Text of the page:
Without being fully aware of our wish, we need our partner to have a failing that our parents once had, so that we can repeat a flawed but potent dynamic we once experienced as children.

[…]

It seems we are fated either to seek out the fault of a parent in a partner, or to mimic the fault of the parent with a partner. Either way, the fault of the parent remains central to our love choices. Without it, we may simply not be able to feel passionate and tender with someone. We might imagine we would only be attracted to admirable traits — to perfection, to very positive things about another — yet just below the conscious radar, it is the failings that lure us in.

In The Course of Love, De Botton offers a deeper dive into those complicated and frequently frustrating dynamics, as well as their most promising frontiers of redemption. Complement it with philosopher Skye Cleary on why we love, psychoanalyst Adam Phillips on why frustration is necessary for satisfaction in romance, and psychologist Erich Fromm on what is keeping us from mastering the art of loving, then revisit The School of Life’s wonderful animated meditations on the difficult art of self-compassion and how to stop letting habit blunt your aliveness.

BP

We Found a Hat: Jon Klassen’s Minimalist, Maximally Wonderful Parable of Transforming Covetousness into Generosity and Justice

“We found a hat. We found it together. But there is only one hat. And there are two of us.”

We Found a Hat: Jon Klassen’s Minimalist, Maximally Wonderful Parable of Transforming Covetousness into Generosity and Justice

“If you perceive the universe as being a universe of abundance, then it will be. If you think of the universe as one of scarcity, then it will be,” legendary graphic designer Milton Glaser observed in his conversation with Debbie Millman. One might say that it is difficult, perhaps even delusional, to elect perception over the hard facts of physical reality — after all, if there is only one apple in front of you, how could you perceive your way to having two? And yet the great physicist David Bohm, a scientist grounded in the fundamental building blocks of physical reality, articulated a parallel truth in contemplating how our perceptions shape our reality:

Reality is what we take to be true. What we take to be true is what we believe. What we believe is based upon our perceptions. What we perceive depends on what we look for. What we look for depends on what we think. What we think depends on what we perceive. What we perceive determines what we believe. What we believe determines what we take to be true. What we take to be true is our reality.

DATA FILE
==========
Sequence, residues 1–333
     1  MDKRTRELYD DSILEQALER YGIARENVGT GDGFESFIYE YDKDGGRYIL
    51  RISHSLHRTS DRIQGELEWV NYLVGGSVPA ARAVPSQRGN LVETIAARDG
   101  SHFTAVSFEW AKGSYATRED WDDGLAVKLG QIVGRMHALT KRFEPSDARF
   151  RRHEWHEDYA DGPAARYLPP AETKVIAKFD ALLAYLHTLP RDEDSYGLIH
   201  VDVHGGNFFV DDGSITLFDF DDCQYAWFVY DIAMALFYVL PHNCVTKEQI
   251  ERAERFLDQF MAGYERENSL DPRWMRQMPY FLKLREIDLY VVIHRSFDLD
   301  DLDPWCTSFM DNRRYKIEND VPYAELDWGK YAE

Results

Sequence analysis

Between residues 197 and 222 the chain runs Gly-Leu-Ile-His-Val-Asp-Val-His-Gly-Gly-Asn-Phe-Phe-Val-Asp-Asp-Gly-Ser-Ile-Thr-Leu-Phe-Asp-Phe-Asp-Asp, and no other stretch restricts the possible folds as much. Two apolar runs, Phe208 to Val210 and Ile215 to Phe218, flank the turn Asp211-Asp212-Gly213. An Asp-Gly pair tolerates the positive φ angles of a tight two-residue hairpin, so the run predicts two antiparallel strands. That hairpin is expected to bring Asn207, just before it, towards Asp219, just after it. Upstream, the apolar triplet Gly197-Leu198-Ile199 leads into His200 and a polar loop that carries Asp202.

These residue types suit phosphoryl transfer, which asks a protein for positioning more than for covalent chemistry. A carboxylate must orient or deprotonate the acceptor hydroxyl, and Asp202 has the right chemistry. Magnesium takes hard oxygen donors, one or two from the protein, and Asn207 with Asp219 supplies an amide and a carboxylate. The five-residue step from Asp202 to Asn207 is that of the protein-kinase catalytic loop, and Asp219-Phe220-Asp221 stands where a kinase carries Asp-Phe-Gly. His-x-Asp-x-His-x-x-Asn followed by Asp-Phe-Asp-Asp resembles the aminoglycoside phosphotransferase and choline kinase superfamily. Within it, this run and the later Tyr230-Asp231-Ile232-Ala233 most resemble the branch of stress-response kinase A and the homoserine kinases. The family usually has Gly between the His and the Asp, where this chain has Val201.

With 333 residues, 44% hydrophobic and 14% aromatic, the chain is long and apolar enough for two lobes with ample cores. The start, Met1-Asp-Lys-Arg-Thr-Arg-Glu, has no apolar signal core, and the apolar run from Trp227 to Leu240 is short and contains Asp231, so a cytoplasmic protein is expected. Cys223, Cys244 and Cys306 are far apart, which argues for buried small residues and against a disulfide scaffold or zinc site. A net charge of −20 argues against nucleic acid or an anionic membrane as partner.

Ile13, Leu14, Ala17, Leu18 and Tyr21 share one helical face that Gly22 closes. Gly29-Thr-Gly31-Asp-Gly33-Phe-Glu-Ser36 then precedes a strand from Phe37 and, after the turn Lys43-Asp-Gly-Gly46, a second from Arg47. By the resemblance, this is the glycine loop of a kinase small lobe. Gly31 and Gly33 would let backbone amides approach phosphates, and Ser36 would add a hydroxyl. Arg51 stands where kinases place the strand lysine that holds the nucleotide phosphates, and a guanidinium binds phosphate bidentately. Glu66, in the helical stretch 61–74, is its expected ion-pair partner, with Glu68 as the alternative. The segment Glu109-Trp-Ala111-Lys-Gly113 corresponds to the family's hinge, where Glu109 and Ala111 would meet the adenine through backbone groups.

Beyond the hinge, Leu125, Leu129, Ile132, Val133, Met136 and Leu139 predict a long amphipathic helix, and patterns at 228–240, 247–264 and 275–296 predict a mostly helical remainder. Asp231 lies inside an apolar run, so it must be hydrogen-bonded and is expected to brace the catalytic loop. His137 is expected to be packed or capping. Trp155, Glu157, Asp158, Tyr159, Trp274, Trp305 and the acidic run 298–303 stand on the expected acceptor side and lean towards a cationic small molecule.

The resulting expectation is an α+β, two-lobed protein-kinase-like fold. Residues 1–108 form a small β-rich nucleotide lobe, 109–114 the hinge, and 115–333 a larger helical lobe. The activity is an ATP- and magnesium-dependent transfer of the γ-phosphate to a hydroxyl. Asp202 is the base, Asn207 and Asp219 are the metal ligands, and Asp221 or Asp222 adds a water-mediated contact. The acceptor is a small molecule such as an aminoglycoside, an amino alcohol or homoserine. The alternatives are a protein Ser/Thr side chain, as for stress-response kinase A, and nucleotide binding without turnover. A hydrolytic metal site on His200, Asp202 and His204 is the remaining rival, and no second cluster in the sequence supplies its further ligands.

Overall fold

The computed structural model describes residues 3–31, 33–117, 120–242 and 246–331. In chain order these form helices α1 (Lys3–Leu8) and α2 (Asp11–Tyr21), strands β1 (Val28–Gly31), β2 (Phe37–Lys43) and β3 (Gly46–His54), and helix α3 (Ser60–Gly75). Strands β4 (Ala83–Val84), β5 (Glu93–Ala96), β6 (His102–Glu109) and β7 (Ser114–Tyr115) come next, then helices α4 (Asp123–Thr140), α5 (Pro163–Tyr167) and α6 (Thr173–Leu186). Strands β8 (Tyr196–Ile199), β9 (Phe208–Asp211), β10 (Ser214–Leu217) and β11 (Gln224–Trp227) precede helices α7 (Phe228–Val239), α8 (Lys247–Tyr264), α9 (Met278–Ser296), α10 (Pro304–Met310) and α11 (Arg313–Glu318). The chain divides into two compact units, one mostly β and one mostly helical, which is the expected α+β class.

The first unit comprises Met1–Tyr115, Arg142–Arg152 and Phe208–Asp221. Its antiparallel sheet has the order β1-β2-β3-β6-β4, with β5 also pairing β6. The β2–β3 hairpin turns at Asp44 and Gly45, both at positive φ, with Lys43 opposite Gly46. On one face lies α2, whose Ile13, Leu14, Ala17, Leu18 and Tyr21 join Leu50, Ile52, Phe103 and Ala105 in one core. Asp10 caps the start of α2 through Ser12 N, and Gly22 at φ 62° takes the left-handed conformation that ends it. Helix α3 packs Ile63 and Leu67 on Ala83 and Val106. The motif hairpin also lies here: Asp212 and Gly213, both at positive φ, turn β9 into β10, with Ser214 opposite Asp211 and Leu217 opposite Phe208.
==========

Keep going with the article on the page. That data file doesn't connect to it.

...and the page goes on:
Beloved children’s book author and illustrator Jon Klassen explores this disorienting paradox with great subtlety, simplicity, and sensitivity in We Found a Hat (public library) — the conclusion of his celebrated hat trilogy, following I Want My Hat Back (2011) and This Is Not My Hat.

wefoundahat_klassen22

The story follows two turtles who discover a hat together — a very winsome hat, they both feel — and are suddenly faced by a practical predicament: There is one hat to be had, and two of them who want to have it.

Carrying Klassen’s minimalist, maximally expressive illustrations — entire worlds of emotion and intent are intimated by the turn of the turtles’ black-and-white eyes — are his equally spartan words, which envelop his protagonists’ interior worlds in sweetness and gentleness as he tells this touching story of covetousness transformed into generosity and justice.

wefoundahat_klassen1

We found a hat.

We found it together.

But there is only one hat.

And there are two of us.

How does it look on me?

It looks good on you.

How does it look on me?

It looks good on you too.

It looks good on both of us.

But it would not be right if one of us had a hat and the other did not.

wefoundahat_klassen21

As the sun begins to set and the predicament remains unresolved, the turtles decide to leave the hat where it is and forget they found it.

wefoundahat_klassen23

wefoundahat_klassen24

wefoundahat_klassen5

wefoundahat_klassen25

wefoundahat_klassen26

wefoundahat_klassen6

But as they retire to sleep, the hat occupies their restless imagination. Like Dostoyevsky, who discovered the meaning of life in a dream, the turtles arrive at their solution via the nocturnal imagination.

wefoundahat_klassen27

wefoundahat_klassen7

wefoundahat_klassen28

Are you all the way asleep?

I am all the way asleep.

I am dreaming a dream.

wefoundahat_klassen29

wefoundahat_klassen8

wefoundahat_klassen30

What are you dreaming about?

I will tell you what I am dreaming about.

I am dreaming that I have a hat.

It looks very good on me.

You are also there. You also have a hat.

It looks very good on you too.

wefoundahat_klassen31

We both have hats?

wefoundahat_klassen9

wefoundahat_klassen32

wefoundahat20

Pair the warmhearted and wonderful We Found a Hat with Lemony Snicket’s Klassen-illustrated story The Dark, then complement its central sentiment with Annie Dillard on why generosity is the greatest animating force of art.

All page illustrations © Jon Klassen courtesy of Candlewick Press; photographs by Maria Popova

BP

View Full Site

Brain Pickings participates in the Amazon Services LLC Associates Program, an affiliate advertising program designed to provide a means for sites to earn commissions by linking to Amazon. In more human terms, this means that whenever you buy a book on Amazon from a link on here, I get a small percentage of its price. That helps support Brain Pickings by offsetting a fraction of what it takes to maintain the site, and is very much appreciated